Windows 2000 Service Pack 3 was released earlier this month, consolidating more than a year of security patches and other bug fixes since Service Pack 2 shipped. It, along with related documentation, can be found at www.microsoft.com/windows2000/downloads/servicepacks/sp3/default.asp.
SP3 includes the contents of Service Pack 1, Service Pack 2 and Windows 2000 Security Rollup Package Version 1, as well as many additional fixes. As such, it should be applied but only after appropriate testing.
The service pack introduces three components: Microsoft Corp.s automatic update agent (which, if configured to apply updates automatically, will unfortunately also reboot machines automatically); Microsoft Installer 2.0; and a seriously ineffective tool to hide the presence of Internet Explorer, Outlook Express and Windows Media Player.
As with other service packs, caveat emptor. Windows 2000 SP3 installed without error messages for us on Microsoft Web server, Domain Name System, domain controller and IBM database server boxes running Windows 2000 Server, and weve been running those systems on SP3 for a week with no application breakage.
Others havent had that experience. SP3 early adopters posting their difficulties on Microsofts support newsgroups report crashes, blue screens on boot and other troubles on machines. Machines with Logitech Inc. mouse drivers, Symantec Corp.s Norton Personal Firewall and Promise Technology Inc. Ultra100 IDE controllers all had compatibility problems with SP3 for at least some posters. Our memory of Windows NT Service Pack 6, which broke IBMs Lotus divisions Notes servers, is still a recent one, too.
As with any major operating system upgrade, theres no substitute for local testing. Two important pre-installation tasks are updating the system repair disk before installing SP3 (as the installer advises), so a system repair can be done after the service pack install, and choosing to save system files so the service pack can be uninstalled.
We also caution that installing SP3 does not, on its own, result in a fully patched-up default Windows 2000 installation: The Windows Update site already contains a security update marked “critical” for Windows Media Player (Q320920) that is not included in the service pack.
The update site suggests upgrading to Internet Explorer 5.5 SP2, but Windows 2000 SP3 does automatically update the default Internet Explorer 5.01 installed with Windows 2000 to Internet Explorer 5.01 SP2 and so applies the latest security fixes.
The automatic update agent installed by default with SP3 is the biggest issue IT staff will need to address when deploying SP3. The default behavior of the agent is to automatically download updates but not (repeat, not) install them. Only those in the Administrator group can install patches or change Automatic Updates settings (it is controlled through a new Control Panel icon).
A big warning to administrators about configuring the agent to automatically apply updates (by default, this is done at 3 a.m. each day): This option will result in automatic system reboots whenever an update is downloaded that requires a restart.
In our tests, after configuring the agent to automatically apply updates, it waited until its scheduled time and then downloaded all the critical updates pending for the system. It then applied the updates and rebooted the system, giving us a 5-minute countdown each time, during which we could stop it from acting.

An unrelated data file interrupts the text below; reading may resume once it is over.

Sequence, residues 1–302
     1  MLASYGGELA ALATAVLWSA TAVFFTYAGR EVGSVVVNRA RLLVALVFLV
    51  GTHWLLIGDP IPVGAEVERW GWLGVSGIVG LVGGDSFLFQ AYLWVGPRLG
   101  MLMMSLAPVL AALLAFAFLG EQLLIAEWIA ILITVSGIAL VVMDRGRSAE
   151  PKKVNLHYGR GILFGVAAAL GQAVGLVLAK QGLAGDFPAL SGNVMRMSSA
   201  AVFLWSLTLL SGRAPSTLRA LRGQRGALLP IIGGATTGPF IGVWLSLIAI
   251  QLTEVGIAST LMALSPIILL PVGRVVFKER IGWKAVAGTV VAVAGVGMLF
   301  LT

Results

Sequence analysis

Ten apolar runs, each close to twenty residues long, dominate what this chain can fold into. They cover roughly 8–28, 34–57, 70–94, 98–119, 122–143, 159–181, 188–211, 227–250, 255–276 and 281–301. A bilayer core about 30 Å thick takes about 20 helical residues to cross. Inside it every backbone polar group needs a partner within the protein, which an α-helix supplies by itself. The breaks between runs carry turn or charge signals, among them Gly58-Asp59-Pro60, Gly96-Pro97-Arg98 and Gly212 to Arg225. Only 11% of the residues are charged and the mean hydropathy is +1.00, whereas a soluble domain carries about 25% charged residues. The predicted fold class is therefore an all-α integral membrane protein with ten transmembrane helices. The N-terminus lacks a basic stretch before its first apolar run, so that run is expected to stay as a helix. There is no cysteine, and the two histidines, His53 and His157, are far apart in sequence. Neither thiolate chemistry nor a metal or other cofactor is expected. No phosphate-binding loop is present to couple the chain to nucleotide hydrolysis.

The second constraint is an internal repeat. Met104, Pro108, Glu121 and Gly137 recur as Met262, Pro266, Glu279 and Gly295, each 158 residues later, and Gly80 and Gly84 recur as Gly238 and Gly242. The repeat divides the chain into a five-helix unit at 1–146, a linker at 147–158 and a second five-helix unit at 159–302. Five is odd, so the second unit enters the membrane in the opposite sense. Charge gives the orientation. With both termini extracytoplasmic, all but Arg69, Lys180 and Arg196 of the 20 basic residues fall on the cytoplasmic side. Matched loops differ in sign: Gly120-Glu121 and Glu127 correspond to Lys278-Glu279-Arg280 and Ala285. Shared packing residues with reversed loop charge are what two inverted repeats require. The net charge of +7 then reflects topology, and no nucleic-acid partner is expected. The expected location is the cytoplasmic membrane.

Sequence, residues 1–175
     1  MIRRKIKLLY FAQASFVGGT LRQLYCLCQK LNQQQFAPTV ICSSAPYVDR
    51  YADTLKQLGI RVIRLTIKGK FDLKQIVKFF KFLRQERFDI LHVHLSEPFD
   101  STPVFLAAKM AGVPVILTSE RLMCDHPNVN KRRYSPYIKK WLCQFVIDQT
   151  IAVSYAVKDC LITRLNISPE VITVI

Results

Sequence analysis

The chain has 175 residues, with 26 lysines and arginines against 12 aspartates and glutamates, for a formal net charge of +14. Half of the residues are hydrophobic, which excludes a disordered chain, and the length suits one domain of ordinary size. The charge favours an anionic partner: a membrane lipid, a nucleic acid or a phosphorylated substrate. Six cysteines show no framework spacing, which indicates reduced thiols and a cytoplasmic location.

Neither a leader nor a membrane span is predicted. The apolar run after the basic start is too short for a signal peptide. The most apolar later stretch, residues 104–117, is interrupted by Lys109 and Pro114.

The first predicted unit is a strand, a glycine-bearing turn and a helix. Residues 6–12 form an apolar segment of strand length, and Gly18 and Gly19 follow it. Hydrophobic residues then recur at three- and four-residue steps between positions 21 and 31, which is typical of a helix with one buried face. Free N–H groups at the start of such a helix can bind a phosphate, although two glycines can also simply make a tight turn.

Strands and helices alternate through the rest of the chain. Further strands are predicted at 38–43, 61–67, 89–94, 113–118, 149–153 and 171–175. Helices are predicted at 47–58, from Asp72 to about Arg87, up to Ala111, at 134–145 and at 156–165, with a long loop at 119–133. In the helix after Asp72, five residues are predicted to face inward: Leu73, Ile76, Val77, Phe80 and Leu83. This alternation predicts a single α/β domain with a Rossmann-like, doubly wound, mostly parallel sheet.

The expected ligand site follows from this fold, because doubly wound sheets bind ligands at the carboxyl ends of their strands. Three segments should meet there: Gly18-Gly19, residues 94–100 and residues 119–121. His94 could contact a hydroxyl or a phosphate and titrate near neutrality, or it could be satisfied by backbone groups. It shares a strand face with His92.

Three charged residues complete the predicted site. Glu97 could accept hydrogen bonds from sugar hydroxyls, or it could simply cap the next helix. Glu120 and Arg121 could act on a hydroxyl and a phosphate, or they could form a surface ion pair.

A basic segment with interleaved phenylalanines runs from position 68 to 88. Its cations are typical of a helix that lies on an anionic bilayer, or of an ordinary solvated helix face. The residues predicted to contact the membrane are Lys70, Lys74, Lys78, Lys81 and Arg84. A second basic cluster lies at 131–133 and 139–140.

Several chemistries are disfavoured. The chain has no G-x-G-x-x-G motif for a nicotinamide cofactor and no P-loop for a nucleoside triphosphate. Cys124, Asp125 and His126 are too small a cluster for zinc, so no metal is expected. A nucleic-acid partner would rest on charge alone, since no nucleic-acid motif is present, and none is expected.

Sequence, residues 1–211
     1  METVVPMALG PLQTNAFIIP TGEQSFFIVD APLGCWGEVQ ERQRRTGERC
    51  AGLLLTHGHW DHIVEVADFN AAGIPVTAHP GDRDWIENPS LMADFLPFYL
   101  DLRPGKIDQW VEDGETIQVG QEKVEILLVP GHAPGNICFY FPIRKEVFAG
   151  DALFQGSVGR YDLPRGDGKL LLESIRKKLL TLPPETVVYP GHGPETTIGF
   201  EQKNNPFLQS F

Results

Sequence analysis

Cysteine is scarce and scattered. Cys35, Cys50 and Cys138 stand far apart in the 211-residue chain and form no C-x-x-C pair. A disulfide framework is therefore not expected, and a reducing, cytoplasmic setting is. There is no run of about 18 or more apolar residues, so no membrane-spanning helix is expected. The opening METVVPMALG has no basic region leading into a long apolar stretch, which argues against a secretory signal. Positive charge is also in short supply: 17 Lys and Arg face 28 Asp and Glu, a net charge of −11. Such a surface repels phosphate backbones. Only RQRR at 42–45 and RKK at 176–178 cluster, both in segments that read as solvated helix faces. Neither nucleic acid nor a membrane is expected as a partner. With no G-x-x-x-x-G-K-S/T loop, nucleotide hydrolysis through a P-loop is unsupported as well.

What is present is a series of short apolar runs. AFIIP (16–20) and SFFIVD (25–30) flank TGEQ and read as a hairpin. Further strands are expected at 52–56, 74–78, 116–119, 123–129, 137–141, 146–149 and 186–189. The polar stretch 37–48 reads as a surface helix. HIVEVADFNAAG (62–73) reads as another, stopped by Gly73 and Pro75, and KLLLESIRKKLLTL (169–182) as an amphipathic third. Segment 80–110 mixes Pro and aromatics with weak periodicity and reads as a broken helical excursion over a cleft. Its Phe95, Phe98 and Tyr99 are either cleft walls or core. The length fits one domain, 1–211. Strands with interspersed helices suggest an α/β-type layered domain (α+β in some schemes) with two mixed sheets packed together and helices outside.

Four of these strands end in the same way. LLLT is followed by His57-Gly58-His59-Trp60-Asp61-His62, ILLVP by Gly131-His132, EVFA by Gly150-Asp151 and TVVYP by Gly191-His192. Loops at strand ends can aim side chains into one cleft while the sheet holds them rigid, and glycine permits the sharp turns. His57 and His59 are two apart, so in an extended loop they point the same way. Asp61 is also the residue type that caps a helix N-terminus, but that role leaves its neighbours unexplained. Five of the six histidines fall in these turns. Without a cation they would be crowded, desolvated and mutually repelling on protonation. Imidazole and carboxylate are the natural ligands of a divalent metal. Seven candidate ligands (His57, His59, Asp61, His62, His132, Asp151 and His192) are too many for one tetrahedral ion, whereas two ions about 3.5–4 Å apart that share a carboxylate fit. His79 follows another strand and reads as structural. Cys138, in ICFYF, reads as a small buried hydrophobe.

Without active intervention, however, it forces a reboot, losing changes to a number of documents we had left open. This is completely unacceptable for most sites because administrators wont be able to predict or warn users when their systems will be restarted—that will depend on what Microsoft posts to the Windows Update site.
One administrator at the University of Arizona, in Tucson, already reported on a Microsoft support newsgroup that “there have been several people here who have lost a great deal of work” because of automatic updates.
eWeek Labs does like update agent software when centrally managed, and we think including it in SP3 is the right thing to do. However, we strongly urge administrators to investigate Microsofts new Software Update Services, released in June, which allows administrators to host their own internal source for Windows updates and deploy updates on their own schedule. Software Update Services is free and can be downloaded from www.microsoft.com/Windows2000/downloads/recommended/susserver/default.asp.
If administrators choose to turn off automatic updates permanently, disabling two services, Automatic Updates and Background Intelligent Transfer Service, will do this.
Blanket Pulled Over IE
Blanket Pulled Over IE
SP3 also includes a new option to “hide” Internet Explorer, Outlook Express and Windows Media Player. This feature (prompted by the antitrust case) is installed only on Windows 2000 Professional and is astonishingly minimalist.
Administrators, do not expect this option to actually disable or remove these packages. When we unchecked the “Show this program” options in the new Set Program Access and Defaults panel, the tool did nothing more than delete the Internet Explorer, Outlook Express and Windows Media Player icons from the Start menu and Windows task bar. The programs were otherwise left fully installed and functional, and—even worse—related file associations were left in place.
When we launched an HTTP link through the Start, Run command or opened an HTML file from Windows Explorer, Internet Explorer started. When we opened an MP3 file from Windows Explorer, Windows Media Player ran just as before.
This is totally inadequate for IT staff wanting to remove these packages because of their histories of serious security problems.
eWeek Labs West Coast Technical Director Timothy Dyck can be reached at [email protected]